downtown guy said...

I think your style will be well suited to a crime novel. Sort of a hard boiled, true facts approach. I'll be looking forward to reading it.

I did pick up on the mom being sort of generic "Mom" of all. Was there some meaning behind Billy's name? You know what I would have been interested to have seen included? Some comment by an older Englishman regarding the fact that the nazis kicked so much hell out of the UK back in the '40s - I'd think that, even in the fascist state, there would be serious grumblings about that from even fairly nationalistic Brits. But that's just something I thought of while I was reading.

Think you'll write a follow-up someday? I'd be curious to see how Jill and James both fare.

white rabbit said...

Hank - interesting points! You are right - part of the reason charlie's mother has no name is that she is a generic suffering mother. I got the name of Billy from an old Jamaican dope dealer I defended (with remarkable success) a few years ago. Another character based on him is a minor character in crime novel. Natalie's name comes from my younger son. I asked 'give me a girl's name'. He said 'Natalie' - his then girlfriend. No other name has any particular significance except that by remarkable coincidence, a fascist policeman's dog has the same name as someone I can't stand. Childish, I know...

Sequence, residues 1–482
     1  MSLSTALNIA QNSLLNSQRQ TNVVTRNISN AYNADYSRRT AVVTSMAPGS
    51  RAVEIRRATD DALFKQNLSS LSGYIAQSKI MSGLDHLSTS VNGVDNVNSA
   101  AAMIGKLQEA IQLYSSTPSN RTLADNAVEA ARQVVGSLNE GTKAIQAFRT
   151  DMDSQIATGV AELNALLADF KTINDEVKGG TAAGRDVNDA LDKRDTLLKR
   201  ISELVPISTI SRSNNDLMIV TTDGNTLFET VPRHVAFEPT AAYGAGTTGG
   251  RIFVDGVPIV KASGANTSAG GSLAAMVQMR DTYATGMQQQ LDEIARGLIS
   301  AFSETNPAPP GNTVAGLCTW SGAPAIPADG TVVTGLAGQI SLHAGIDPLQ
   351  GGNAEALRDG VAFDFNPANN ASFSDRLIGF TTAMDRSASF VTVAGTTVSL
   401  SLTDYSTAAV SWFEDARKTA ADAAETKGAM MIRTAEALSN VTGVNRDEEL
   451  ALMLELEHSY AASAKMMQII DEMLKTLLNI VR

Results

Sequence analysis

The Nazi thing - an American would be unlikely to pick up on this but there is a party here called the British National Party (BNP). A few years ago you knew they were a neo-nazi party because they said so. then they worked out Hitler, gas chambers etc were box office poison and went through a rebranding exercise and present themselves as decent patriotic types who aren't racist any more. I don't buy it. They are still nazi scum, albeit with PR skills -and now a seat on the Greater London Assembly. If they got power, I've no doubt the mask would drop as it does in twentytwelve with the Patriotoc Alliance. That's the warning - it's a British thing. I have an idea of a sequel to twentytwelve (working title - twentytwenty - redemption song), the fascist regime is crumbling and the underlying theme is how revolutions are corruppted. I've written a bit - dear little Natalie is now a dreadlocked, sweary, chainsmoking teenager who thinks her father is an idiot and wants to join the revolution. I've written a little of the sequel but crime novel first!

downtown guy said...